2. Focus Recompose, The Enemy Of Shallow Depth OF Field
When working with a shallow depth of field, you may have a very small amount actually in focus. Depending on the focal length of your lens, distance to your subject, and the aperture you have chosen, you may have anything from a few inches to a couple of millimeters in focus.
Focus recompose is a technique made popular by cameras that possess some focus points that, putting it kindly, are best avoided (think Canon 5D Mark II). When using cameras like that, photographers often stick to using the center focus point (normally the best) and then recomposing the frame once they have gained focus. The key point here is that by doing so, they have to move the camera. If your depth of field is only as wide as an eyelash, then you could very easily shift that focus with your movement.
Instead, try to select the focus point as near as possible to the point in your scene that you are focusing on, thereby reducing or removing altogether the possibility of losing your focus as you recompose your shot.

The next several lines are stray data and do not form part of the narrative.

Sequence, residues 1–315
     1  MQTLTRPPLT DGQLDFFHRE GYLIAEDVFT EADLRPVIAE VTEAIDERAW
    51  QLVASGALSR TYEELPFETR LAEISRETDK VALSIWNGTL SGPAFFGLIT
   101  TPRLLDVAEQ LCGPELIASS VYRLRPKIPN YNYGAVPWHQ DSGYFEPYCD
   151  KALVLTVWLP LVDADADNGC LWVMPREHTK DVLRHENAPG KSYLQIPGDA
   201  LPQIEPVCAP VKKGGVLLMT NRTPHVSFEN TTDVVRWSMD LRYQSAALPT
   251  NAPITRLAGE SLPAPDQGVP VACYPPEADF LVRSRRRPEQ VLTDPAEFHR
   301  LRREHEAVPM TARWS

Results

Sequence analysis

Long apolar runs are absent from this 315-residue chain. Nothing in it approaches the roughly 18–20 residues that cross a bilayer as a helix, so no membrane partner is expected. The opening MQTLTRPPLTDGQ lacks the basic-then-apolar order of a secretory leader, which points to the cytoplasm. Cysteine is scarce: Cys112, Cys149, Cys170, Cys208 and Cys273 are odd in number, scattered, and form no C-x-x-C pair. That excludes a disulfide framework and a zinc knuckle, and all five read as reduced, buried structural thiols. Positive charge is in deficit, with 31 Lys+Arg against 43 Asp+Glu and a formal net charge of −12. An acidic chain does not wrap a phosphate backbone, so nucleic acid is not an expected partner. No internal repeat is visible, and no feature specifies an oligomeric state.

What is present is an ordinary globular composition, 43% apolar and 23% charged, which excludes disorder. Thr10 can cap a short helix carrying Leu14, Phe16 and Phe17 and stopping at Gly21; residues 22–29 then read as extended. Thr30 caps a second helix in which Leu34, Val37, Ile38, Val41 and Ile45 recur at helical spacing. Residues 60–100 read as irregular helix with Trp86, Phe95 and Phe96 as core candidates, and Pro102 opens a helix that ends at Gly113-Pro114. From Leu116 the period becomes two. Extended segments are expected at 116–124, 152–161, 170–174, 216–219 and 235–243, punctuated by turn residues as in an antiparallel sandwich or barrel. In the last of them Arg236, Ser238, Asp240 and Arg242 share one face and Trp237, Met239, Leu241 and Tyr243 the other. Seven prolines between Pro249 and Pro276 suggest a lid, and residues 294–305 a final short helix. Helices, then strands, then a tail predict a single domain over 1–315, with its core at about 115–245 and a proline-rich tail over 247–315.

This method would be ideal, but as I have already mentioned, on some cameras only the center focus point is worthwhile using. In those cases, your only option is to use the focus-recompose technique. It then becomes critical that you are acutely aware of your movement and that you regularly check the focus on important shots.
3. Movement Of Any Kind, Yet Another Enemy Of Shallow Depth OF Field
It seems that shallow depth of field has a lot of enemies! That’s no surprise when you’re working with what could potentially be as little as millimeters in focus. Following on from the last tip (focus recompose), we have to think about all movement. If the camera moves a millimeter or two, we’re off. If our subject sways back and forth by a millimeter or two, we’re off. You must contemplate the movement of everything in your scene and use that knowledge to make better decisions.